Theresa May's 'last chance' Brexit deal backfires as Tories urge her to abandon vote and quit

  • Theresa May has haemorrhaged support since revealing her “new deal” on Brexit on Tuesday.
  • The offer, which includes the possibility of enabling a second referendum on Brexit has triggered dozens of Conservative members of parliament to abandon the prime minister.
  • Conservative MPs are piling the pressure on May to quit rather than hold a fourth vote on her deal.
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LONDON – Theresa May is under growing pressure to quit after the “new deal” she offered parliament on Brexit caused a haemorrhage of support among Conservative members of parliament.

Dozens of previously loyal Tory MPs abandoned the prime minister on Tuesday evening following her offer to enable a vote on a second referendum, if the House of Commons backs her deal.

More than 60 Conservative MPs are openly planning to rebel against the prime minister if the vote takes place at the start of next month, with all opposition parties also committed to rejecting it.

Environment Secretary Michael Gove on Wednesday morning suggested that the government might not put the revised deal to a House of Commons vote at all due size of opposition to it.

“We will reflect over the course of the next few days on how people look at the proposition put forward,” he told BBC Radfio 4.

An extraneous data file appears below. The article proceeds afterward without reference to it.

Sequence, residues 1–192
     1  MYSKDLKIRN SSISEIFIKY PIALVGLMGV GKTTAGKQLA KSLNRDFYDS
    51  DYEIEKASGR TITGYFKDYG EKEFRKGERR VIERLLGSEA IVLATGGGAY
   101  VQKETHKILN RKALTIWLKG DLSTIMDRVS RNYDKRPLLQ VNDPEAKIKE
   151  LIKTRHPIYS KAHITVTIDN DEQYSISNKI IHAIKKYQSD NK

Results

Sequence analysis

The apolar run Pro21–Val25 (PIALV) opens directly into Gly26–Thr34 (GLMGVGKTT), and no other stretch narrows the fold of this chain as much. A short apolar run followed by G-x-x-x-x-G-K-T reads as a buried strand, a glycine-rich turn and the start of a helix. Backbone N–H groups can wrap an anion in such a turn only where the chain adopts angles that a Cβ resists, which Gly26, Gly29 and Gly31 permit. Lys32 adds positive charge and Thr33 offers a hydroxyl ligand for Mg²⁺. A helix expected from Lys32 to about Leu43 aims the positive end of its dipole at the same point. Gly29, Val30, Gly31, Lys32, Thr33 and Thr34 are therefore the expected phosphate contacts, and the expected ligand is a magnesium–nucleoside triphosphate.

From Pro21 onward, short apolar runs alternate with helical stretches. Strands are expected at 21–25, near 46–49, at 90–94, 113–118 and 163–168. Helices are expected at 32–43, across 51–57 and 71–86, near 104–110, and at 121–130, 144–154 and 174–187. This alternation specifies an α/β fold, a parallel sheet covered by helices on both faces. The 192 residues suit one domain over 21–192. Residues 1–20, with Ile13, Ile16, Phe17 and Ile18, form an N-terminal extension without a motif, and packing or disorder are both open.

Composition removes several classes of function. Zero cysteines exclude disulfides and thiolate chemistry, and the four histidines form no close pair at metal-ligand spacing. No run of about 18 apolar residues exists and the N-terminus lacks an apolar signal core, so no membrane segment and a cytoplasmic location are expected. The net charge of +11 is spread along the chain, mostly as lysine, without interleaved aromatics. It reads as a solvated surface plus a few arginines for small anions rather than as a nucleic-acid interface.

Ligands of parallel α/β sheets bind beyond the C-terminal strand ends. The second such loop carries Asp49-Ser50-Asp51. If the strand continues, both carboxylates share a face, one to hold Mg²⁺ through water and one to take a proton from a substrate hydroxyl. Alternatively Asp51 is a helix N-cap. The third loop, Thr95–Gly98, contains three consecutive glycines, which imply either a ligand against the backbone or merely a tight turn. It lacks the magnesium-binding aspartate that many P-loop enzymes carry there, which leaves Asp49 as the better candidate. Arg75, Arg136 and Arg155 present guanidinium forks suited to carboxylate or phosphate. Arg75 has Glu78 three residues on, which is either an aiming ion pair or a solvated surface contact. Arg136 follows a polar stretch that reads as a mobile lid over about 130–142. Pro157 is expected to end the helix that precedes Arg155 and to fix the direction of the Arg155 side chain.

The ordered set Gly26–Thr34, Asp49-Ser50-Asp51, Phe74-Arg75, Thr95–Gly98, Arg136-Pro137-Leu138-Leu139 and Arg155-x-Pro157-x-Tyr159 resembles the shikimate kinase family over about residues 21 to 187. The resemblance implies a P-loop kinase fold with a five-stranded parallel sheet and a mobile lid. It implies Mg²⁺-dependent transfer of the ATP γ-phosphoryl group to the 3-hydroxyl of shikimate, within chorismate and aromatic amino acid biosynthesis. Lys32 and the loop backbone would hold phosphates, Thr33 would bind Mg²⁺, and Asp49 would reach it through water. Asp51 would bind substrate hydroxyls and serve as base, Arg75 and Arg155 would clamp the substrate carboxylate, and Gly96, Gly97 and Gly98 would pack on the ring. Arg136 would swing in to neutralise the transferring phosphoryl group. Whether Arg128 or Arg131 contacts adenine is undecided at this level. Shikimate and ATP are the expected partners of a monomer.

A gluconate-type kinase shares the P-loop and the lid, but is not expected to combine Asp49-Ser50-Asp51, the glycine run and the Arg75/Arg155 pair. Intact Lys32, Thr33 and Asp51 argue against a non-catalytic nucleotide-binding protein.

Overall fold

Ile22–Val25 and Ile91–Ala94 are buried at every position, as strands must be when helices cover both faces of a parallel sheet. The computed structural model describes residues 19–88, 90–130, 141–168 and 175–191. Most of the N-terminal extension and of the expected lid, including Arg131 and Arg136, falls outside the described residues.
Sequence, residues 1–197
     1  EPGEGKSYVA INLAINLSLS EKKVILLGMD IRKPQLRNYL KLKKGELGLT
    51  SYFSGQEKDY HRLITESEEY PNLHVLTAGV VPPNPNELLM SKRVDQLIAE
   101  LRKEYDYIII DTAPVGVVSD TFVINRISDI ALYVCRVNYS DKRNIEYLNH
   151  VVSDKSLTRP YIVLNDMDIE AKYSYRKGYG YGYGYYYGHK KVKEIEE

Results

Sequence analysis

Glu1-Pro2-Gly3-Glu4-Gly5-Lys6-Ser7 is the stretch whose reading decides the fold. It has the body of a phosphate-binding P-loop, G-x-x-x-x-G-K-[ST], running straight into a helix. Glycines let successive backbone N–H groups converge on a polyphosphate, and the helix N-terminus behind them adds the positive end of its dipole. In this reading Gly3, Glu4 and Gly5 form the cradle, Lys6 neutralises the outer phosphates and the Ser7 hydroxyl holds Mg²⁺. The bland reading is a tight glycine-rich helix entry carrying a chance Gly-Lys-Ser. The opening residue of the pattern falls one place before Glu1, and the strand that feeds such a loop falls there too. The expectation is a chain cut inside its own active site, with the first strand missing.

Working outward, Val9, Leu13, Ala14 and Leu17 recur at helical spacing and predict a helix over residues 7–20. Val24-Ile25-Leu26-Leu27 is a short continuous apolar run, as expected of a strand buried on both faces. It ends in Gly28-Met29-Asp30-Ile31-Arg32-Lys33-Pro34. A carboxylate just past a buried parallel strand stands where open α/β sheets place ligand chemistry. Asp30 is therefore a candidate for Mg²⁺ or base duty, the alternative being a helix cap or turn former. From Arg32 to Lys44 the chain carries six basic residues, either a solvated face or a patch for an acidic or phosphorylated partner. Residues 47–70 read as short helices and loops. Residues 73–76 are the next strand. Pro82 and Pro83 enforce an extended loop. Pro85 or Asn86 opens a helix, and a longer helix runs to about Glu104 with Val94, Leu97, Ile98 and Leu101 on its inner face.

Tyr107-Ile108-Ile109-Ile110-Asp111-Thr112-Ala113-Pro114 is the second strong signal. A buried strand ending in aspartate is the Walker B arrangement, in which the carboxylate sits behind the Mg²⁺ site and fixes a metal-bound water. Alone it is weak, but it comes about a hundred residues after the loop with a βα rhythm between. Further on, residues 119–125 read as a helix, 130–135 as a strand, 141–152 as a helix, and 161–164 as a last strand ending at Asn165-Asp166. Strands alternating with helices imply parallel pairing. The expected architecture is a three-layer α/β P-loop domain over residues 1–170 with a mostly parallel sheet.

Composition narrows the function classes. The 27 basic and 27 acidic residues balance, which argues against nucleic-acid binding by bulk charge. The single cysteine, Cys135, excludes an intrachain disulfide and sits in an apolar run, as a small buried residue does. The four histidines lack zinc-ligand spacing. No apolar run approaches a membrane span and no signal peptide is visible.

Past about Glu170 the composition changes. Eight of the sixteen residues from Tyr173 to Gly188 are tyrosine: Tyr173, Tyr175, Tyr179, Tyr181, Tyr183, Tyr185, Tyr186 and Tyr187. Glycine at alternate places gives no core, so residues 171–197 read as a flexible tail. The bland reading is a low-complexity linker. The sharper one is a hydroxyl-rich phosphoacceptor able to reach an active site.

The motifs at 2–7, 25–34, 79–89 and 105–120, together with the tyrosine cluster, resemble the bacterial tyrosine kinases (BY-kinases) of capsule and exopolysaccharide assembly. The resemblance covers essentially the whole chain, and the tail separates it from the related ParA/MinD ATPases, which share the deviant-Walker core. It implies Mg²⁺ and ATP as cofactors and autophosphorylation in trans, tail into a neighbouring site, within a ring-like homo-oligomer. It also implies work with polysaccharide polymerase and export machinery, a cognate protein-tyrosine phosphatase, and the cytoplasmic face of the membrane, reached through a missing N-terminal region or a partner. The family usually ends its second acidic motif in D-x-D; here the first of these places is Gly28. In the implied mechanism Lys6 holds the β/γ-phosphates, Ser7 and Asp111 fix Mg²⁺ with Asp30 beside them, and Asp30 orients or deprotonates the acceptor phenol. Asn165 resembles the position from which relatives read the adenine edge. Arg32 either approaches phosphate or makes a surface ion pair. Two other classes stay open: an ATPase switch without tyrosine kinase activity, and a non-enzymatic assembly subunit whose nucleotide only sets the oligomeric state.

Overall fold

Former Tory leader Iain Duncan Smith, who backed the prime minister’s deal in March, said there was “nothing new or bold about this bad buffet of non-Brexit options.”

“I can’t see that we’ve taken back control over anything. The backstop is still there, it’s a customs union in all but name and it puts Brussels firmly in control of our destiny,” he added.

Conservative MP Zac Goldsmith tweeted: “I supported the PM’s rotten deal last time as I felt we could then draw a line and select a new PM to pick up the pieces.”

“But I cannot support this convoluted mess. That it takes us towards a rigged referendum between her deal and no Brexit is just grotesque. The PM must go.”

Boris Johnson, who also backed May’s deal at its third vote and is widely tipped to succeed May as prime minister, said he could no longer support her deal.

“With great reluctance I backed MV3,” Johnson tweeted.

“Now we are being asked to vote for a customs union and a second referendum. The Bill is directly against our manifesto – and I will not vote for it. We can and must do better – and deliver what the people voted for.”

Anne-Marie Trevelyan, the Berwick-Upon-Tweed MP who also supported the prime minister’s deal in March, said the prime minister’s deal still contained “the dreaded backstop, endangering our Union and selling out the people of Northern Ireland,” and said she was also likely to vote against it.

The exodus of support has led to speculation that May could be forced to quit before holding the vote on her deal.

The executive of the 1922 Committee will meet on Wednesday afternoon under renewed pressure to change party rules to allow an early leadership election.

The row comes on the eve of the European Parliament elections in which May’s party are expected to come as low as fifth place.

A YouGov opinion poll out on Wednesday puts the party on just 7%, behind the Green Party. If borne out on Thursday, it would be the worst electoral performance by a UK governing party in history.

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